Recently, succulents have seemed to surpass any other house plant in popularity. These little plants have been called a mainstay of the green revolution, making them popular for many individuals who are conscious of their environmental footprint, like vegans. What’s more, some varieties are edible, making succulents even more useful and attractive to vegan and vegetarian lifestyles.

Why Everyone Loves Succulents

In addition to looking nice and adding ambiance to any space, succulents possess their own unique style and are always reasonably priced. You can go days—or sometimes even weeks—without watering the plant, making it quite simple to learn how to maintain succulents. These plants basically thrive on neglect, which mean they are a great fit for people with busy schedules and for water-conscious consumers.

Many people also love succulents because they come in a range of fun colors, sizes, and shapes. Finding a stylish, trendy container or pot at your local thrift store can be your succulent’s new home. And, succulents don’t attract as many pests as other plants since they don’t require much watering, making them ideal for any indoor space.

Knowing Which Succulents You Can Actually Eat

Before you bite into one of the leaves of your succulent, you should be aware that not all succulents are edible—some are even toxic and poisonous. However, certain varieties of succulents can be consumed, including:

  • Dragon fruit

  • Barrel cactus

  • Saguaro cactus

  • Stone crops

These succulents are safe and healthy to eat, and can be consumed either in raw, grilled, juiced, or mashed form. Dragon fruit is particularly trendy for smoothie bowls and salads, making it a unique, brightly colored additive for vegan meals. As for the other variations, try harvesting the stone crops or the cactus meat and grilling them up for a veggie stir fry.

So, now that you know all about the charming characteristics of succulents, you can incorporate them into your at-home plant collection and even try adding them to some of your favorite vegan dishes.

 

 

Grow Your Own Veggies

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Grow Your Own Veggies

Thank you to my friend, Jess, for once again sharing a post to my blog! If you have one that you’d like to share with my audience, please just email me!

Everything You Need to Know about Growing Veggies

One of the best parts about being vegan is getting to try out a range of different fruits and veggies that you probably would not otherwise think of trying. Substituting your favorite orange chicken dish for orange cauliflower, or adding colorful dragonfruit to your morning smoothie can be fun ways to explore all the vegan options available, if we only give them a chance.

For anyone who lives in an urban area, it may be hard to feel connected to all the wonderful raw produce out there if you always have to buy the ingredients from a grocery store. So why not try growing your own vegetable garden instead? Certain veggies can be grown virtually anywhere, as long as they are potted correctly and have enough space. Even in your high-rise, your vegetable garden can thrive.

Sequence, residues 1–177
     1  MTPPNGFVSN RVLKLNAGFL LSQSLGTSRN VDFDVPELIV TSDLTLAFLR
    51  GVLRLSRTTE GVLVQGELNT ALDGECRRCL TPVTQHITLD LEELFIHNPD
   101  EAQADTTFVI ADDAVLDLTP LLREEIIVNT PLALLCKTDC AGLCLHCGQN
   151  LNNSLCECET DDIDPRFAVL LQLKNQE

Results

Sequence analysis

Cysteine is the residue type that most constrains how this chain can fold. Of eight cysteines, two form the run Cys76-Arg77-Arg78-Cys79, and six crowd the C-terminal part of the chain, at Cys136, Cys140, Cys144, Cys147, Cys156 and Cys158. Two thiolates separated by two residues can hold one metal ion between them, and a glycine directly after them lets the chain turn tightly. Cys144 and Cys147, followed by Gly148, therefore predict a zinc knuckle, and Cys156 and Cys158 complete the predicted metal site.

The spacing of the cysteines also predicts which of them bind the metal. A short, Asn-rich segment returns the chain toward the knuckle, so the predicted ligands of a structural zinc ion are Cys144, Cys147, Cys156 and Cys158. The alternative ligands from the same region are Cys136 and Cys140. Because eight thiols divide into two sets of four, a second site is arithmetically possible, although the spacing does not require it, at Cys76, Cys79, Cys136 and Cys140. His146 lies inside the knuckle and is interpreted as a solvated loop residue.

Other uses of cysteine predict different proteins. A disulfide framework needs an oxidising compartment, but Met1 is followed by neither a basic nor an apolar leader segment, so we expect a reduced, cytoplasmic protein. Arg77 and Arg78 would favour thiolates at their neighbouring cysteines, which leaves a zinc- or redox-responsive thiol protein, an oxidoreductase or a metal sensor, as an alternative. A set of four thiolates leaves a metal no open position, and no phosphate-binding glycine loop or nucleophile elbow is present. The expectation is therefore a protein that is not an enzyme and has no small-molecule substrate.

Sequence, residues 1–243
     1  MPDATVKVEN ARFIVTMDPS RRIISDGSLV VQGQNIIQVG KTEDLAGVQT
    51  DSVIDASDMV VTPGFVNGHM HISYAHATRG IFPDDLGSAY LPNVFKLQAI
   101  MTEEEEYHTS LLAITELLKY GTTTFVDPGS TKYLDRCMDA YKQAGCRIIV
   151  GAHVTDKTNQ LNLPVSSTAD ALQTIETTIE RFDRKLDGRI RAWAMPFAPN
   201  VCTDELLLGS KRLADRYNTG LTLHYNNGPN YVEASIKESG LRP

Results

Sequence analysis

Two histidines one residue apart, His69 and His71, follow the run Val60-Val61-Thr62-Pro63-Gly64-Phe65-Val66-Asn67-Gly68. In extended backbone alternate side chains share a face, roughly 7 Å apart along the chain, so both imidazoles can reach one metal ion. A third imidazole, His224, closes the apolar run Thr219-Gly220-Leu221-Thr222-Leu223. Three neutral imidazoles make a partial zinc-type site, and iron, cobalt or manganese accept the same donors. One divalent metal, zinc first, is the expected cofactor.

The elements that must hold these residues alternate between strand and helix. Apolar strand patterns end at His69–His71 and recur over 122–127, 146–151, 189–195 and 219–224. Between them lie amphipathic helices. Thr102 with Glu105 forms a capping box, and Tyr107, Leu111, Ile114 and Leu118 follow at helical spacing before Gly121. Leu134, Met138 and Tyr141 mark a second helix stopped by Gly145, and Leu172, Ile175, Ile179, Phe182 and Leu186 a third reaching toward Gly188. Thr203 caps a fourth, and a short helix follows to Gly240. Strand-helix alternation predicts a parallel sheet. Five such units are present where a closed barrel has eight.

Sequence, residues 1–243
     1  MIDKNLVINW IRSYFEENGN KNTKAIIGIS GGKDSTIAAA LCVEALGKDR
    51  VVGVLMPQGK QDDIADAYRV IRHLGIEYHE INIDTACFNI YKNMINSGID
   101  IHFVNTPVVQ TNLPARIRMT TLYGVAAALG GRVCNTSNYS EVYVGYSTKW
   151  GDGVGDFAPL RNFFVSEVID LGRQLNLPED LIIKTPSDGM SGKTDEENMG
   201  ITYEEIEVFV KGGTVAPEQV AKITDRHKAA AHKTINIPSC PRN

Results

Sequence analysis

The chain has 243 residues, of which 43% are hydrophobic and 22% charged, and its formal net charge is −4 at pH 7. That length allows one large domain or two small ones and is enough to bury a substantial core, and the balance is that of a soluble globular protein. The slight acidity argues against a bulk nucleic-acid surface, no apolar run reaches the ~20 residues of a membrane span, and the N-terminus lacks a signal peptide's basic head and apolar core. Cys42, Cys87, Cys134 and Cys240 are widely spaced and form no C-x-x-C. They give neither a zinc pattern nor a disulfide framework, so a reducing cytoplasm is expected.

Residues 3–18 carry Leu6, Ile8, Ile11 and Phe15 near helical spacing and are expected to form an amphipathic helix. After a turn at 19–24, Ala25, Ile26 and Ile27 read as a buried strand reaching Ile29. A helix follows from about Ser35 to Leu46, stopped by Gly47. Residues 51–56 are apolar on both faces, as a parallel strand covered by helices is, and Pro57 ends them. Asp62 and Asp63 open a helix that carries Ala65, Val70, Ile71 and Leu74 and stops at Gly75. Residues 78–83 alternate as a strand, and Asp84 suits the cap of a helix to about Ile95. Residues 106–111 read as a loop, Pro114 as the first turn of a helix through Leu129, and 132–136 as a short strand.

Where to Begin

While urban gardening may seem like a challenge at first, the best way to start is by deciding what type of urban garden your outdoor area can sustain. Some urban homes may offer a spacious rooftop or deck, but others may only have limited window ledges or balconies. Some options for an urban garden include:

  • Raised beds

  • Container gardening

  • Lasagna gardening

  • Vertical gardening

  • AeroGardening

Container gardening is probably the easiest option of these, as there are a variety of container styles available like clay, plastic, or terracotta. Simply find a container that is the appropriate size for your plants and their root systems, add dirt and compost, and that’s it. This is also a great way to easily manage the plant’s environment, as the containers can be easily moved and kept anywhere there is ample sunlight.

What Vegetables Make Great Companions

Many vegetables can make a great patio container garden. But which ones should you choose? Starting with a staple vegetable, like carrots, potatoes, onions, or beetroot as these are easy options to test out how your garden will grow. From there, you can enhance your garden by introducing companion plants to grow alongside these staples. Companion planting makes the most use of space and can also deter pests. Some companion planting options include:

  • Carrots with onions, peas, radishes, lettuce, cabbages, and leek

  • Tomatoes with cabbages, carrots, and onions

  • Peas with beans, carrots, cucumber, and radishes

  • Beetroot with brussels sprouts sprouts, broccoli, onions, and cabbages

While you may not be able to fit all of these vegetable combinations in your urban garden, knowing that certain plants like onions and leeks repel flies and caterpillars can help your garden avoid harmful pesks. Before long, you will be happily cooking all other favorite vegan dishes with your own homegrown vegetables, and what can be healthier or more satisfying than that?